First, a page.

Fairfax Media spiraled into decline as a series of Boards of Directors misunderstood or just ignored technological changes, as they maneuvered for perceived political and commercial influence. The cost cutting, centralisation and redundancies which resulted from this decline, may have saved money but they also squandered the news group’s intangible but critical advantages. It seemed that the Boards didn’t really know what made Fairfax unique.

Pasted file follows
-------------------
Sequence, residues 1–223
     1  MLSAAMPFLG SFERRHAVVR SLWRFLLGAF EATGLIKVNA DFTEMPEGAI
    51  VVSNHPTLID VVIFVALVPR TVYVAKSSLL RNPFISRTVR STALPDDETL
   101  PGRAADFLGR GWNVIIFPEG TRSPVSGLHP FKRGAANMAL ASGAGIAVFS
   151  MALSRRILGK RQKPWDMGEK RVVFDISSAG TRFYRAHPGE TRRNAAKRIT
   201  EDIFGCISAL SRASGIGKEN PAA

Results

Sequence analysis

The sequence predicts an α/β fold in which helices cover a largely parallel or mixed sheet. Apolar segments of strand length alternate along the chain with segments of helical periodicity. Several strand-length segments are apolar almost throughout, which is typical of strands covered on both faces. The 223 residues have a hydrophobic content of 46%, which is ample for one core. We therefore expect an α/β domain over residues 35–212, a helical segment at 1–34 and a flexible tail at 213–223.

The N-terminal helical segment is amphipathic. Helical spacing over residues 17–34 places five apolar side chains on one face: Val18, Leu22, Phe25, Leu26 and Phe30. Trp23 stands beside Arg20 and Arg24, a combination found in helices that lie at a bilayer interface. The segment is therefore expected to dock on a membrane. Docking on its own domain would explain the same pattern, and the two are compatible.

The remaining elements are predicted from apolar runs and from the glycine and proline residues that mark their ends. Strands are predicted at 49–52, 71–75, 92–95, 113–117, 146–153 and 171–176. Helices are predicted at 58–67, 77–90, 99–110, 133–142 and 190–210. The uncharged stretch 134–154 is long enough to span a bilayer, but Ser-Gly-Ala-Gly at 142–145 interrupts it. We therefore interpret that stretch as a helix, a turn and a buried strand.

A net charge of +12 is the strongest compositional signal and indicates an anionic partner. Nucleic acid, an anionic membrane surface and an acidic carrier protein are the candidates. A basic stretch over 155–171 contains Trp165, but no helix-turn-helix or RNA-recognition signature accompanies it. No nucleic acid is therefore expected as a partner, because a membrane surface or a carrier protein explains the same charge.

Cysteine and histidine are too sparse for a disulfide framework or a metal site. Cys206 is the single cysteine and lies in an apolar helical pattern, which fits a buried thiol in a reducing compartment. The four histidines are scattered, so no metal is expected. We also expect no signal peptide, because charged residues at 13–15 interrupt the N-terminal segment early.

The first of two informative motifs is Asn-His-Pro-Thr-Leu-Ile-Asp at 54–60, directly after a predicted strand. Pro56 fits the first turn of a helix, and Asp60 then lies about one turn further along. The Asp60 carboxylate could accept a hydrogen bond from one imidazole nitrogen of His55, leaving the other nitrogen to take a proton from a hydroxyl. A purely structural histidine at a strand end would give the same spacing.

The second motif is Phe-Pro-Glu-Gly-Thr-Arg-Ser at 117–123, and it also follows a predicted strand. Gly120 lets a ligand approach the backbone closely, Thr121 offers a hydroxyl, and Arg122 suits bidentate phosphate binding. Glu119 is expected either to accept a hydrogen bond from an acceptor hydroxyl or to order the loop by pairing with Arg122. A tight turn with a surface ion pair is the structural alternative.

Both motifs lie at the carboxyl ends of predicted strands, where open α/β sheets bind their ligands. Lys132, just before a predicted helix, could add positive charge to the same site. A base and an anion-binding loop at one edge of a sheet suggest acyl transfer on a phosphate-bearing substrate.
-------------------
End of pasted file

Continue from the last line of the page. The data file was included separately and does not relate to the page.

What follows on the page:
Australia’s leading quality press, Fairfax newspapers, have taken a big step towards becoming a virtual news group.
Fairfax Media, which published the Age, the Sydney Morning Herald and the Australian Financial Review, today announced the closure of its major printing presses and dumping the traditional broadsheet format, while foreshadowing more than 1900 redundancies.
The impact of today’s announcement reflects the narrow ownership of Australia’s news media. Fairfax may be centred in only Sydney and Melbourne, but it represents a liberal alternative to the dominant Murdoch press and the government funded Australian Broadcasting Corporation. More…